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livered from the dominion of sin, the condemnation of the law, and the evil of death, and are made heirs of a heavenly paradise. The paradise above far exceeds, in felicity and glory, the earthly paradise from which Adam was ejected. There flows the river of life in a perpetual stream-there grows the tree of life yielding its fruits every month-there is no more curse; but the throne of God is there, and there his servants shall serve him, beholding his face and rejoicing in his favor forever.
Blessed are they, who do his commandments, that they may have right to the tree of life, may enter in through the gates into the city, and may eat of the fruit of the tree, which is in the midst of the paradise of God.
The impiety of offering to God that which costs us nothing.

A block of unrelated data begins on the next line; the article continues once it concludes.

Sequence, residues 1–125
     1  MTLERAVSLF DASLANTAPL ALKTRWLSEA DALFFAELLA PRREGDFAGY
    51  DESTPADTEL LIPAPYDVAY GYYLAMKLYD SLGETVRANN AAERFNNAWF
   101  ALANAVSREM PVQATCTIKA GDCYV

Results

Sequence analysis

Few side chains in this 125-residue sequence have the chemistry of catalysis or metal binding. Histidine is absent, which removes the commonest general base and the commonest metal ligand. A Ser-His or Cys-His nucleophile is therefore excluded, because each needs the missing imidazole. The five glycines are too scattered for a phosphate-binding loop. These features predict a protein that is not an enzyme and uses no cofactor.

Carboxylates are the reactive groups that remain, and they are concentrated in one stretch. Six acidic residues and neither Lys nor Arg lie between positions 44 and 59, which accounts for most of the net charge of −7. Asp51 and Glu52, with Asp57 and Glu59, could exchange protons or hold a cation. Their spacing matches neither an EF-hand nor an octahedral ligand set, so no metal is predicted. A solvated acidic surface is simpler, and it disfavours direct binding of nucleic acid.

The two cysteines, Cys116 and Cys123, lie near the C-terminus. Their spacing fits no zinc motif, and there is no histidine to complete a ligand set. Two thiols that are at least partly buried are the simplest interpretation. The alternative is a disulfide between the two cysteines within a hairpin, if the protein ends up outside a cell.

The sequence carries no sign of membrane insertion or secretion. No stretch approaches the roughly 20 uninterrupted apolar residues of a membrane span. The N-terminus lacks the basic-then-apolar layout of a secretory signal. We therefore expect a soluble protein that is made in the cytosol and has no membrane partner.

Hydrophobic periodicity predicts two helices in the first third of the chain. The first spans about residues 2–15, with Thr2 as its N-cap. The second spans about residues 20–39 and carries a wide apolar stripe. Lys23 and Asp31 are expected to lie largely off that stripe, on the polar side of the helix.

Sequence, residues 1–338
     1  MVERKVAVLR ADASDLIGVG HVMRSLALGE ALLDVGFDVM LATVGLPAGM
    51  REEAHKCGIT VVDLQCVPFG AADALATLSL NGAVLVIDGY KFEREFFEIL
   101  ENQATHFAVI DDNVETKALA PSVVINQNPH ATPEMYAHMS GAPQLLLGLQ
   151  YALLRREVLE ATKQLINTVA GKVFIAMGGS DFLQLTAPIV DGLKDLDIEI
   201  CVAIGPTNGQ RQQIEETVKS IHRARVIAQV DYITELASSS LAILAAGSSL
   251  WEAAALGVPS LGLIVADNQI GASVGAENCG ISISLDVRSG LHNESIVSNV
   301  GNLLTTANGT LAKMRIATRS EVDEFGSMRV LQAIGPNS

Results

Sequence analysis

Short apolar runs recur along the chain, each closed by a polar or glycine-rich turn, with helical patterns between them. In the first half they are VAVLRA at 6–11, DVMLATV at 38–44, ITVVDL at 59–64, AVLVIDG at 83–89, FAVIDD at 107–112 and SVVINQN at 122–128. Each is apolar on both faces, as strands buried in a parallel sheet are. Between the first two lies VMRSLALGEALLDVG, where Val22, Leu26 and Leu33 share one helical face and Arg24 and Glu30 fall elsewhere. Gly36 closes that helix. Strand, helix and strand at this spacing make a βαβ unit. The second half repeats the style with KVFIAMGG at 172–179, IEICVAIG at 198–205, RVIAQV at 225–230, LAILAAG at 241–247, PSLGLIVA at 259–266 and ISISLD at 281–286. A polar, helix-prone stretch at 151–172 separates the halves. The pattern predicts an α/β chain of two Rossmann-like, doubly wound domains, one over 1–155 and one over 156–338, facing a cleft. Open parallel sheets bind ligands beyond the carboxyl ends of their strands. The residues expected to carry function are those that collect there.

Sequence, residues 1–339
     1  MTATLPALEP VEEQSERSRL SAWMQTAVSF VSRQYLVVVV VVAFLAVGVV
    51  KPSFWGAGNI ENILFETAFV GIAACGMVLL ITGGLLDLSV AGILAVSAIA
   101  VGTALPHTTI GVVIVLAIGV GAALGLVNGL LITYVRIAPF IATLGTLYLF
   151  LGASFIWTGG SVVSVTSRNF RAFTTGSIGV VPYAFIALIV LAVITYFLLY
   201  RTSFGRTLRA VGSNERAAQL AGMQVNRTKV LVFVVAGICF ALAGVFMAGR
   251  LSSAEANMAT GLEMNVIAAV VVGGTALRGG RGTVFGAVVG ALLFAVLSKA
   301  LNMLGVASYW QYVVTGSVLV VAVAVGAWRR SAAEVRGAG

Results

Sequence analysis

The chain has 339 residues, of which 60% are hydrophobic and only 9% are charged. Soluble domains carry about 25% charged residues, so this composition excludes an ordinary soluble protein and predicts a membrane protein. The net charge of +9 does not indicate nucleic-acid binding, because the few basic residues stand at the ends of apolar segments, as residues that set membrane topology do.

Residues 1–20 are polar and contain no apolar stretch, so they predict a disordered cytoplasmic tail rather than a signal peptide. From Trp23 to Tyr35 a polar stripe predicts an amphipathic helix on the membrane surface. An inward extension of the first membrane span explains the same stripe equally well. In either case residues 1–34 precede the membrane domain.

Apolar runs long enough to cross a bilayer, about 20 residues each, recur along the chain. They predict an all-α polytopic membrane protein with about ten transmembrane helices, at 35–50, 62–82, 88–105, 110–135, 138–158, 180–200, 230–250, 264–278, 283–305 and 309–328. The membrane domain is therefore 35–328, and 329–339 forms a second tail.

JI SAMUEL xxiv. 84.
And the king said unto Araunah, Nay; but I will surely buy it of thee at a price: Neither will I offer burntofferings unto the Lord my God of that, which doth cost me nothing.
FOR David's distrust of God's promised protection, and for his confidence in his own power, which appeared in his numbering his people, there was sent on the land an awful pestilence, by which, in the space of three days, there perished seventy thousand men.
The king, humbling himself before God for this sin, and supplicating the removal of the plague is directed by a prophet to go and erect an altar in the threshing floor of Araunah the Jebusite, and to offer upon it burntofferings to God for the expiation of his guilt and the preservation of his subjects. When David made the proposal to Araunah, the latter with